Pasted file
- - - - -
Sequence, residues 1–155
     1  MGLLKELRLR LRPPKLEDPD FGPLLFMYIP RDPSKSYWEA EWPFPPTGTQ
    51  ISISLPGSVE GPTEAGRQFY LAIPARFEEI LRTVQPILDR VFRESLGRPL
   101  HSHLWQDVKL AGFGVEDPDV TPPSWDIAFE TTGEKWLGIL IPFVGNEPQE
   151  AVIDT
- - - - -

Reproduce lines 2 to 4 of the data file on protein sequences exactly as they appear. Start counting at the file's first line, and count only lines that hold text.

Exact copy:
     1  MGLLKELRLR LRPPKLEDPD FGPLLFMYIP RDPSKSYWEA EWPFPPTGTQ
    51  ISISLPGSVE GPTEAGRQFY LAIPARFEEI LRTVQPILDR VFRESLGRPL
   101  HSHLWQDVKL AGFGVEDPDV TPPSWDIAFE TTGEKWLGIL IPFVGNEPQE